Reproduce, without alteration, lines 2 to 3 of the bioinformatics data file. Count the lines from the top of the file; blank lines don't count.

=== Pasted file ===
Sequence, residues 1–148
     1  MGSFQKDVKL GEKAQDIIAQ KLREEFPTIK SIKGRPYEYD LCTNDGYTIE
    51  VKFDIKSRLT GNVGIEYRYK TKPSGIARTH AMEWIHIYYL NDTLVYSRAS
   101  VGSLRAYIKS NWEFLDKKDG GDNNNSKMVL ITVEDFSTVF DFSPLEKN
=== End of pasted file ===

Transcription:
     1  MGSFQKDVKL GEKAQDIIAQ KLREEFPTIK SIKGRPYEYD LCTNDGYTIE
    51  VKFDIKSRLT GNVGIEYRYK TKPSGIARTH AMEWIHIYYL NDTLVYSRAS